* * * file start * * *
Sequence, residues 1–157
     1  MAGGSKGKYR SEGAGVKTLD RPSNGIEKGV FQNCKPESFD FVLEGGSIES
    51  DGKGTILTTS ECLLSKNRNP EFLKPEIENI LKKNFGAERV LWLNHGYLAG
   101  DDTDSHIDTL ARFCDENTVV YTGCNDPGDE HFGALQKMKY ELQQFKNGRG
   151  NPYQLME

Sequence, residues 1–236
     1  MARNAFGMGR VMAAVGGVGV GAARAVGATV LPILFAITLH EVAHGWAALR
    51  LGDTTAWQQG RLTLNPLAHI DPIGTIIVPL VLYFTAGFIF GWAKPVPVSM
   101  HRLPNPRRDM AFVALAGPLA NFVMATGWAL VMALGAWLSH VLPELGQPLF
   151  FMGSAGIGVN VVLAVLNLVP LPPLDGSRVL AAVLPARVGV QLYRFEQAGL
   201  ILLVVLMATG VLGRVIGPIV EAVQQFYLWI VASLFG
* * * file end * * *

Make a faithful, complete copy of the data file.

Sequence, residues 1–157
     1  MAGGSKGKYR SEGAGVKTLD RPSNGIEKGV FQNCKPESFD FVLEGGSIES
    51  DGKGTILTTS ECLLSKNRNP EFLKPEIENI LKKNFGAERV LWLNHGYLAG
   101  DDTDSHIDTL ARFCDENTVV YTGCNDPGDE HFGALQKMKY ELQQFKNGRG
   151  NPYQLME

Sequence, residues 1–236
     1  MARNAFGMGR VMAAVGGVGV GAARAVGATV LPILFAITLH EVAHGWAALR
    51  LGDTTAWQQG RLTLNPLAHI DPIGTIIVPL VLYFTAGFIF GWAKPVPVSM
   101  HRLPNPRRDM AFVALAGPLA NFVMATGWAL VMALGAWLSH VLPELGQPLF
   151  FMGSAGIGVN VVLAVLNLVP LPPLDGSRVL AAVLPARVGV QLYRFEQAGL
   201  ILLVVLMATG VLGRVIGPIV EAVQQFYLWI VASLFG